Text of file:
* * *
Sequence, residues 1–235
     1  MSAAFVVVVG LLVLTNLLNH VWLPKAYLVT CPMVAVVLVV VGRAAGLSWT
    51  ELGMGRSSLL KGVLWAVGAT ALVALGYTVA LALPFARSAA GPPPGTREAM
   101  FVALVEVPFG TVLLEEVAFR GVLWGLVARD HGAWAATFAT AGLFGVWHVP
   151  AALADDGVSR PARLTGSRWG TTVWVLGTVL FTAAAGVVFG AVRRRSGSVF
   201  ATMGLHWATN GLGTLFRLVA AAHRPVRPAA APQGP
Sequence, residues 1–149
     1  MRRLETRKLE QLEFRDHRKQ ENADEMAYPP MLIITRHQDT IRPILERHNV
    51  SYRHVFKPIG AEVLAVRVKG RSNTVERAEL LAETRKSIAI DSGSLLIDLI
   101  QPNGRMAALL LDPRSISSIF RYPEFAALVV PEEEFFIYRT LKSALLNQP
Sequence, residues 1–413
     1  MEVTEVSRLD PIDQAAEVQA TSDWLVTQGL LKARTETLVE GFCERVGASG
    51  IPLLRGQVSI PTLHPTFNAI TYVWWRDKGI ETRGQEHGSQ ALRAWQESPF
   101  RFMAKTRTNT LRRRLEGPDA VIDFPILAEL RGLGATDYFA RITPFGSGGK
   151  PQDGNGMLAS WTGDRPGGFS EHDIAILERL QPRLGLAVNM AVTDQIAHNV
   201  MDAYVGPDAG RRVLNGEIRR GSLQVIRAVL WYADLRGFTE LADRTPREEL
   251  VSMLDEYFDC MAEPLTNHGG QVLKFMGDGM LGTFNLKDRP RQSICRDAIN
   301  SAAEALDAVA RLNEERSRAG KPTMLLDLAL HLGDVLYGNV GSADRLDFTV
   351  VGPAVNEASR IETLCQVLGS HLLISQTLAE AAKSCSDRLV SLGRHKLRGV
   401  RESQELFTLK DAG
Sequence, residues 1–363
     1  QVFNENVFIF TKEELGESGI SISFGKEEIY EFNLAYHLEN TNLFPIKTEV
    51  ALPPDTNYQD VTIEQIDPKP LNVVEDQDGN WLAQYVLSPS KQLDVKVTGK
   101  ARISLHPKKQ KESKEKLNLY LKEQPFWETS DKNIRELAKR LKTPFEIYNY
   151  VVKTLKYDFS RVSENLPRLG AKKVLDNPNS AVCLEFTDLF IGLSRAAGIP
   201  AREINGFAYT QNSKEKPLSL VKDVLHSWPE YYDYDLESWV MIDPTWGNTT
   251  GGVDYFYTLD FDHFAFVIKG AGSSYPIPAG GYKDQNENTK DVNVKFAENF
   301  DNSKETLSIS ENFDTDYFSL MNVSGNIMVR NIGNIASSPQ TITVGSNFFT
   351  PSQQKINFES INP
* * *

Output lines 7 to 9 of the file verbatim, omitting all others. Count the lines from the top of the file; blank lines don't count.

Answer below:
Sequence, residues 1–149
     1  MRRLETRKLE QLEFRDHRKQ ENADEMAYPP MLIITRHQDT IRPILERHNV
    51  SYRHVFKPIG AEVLAVRVKG RSNTVERAEL LAETRKSIAI DSGSLLIDLI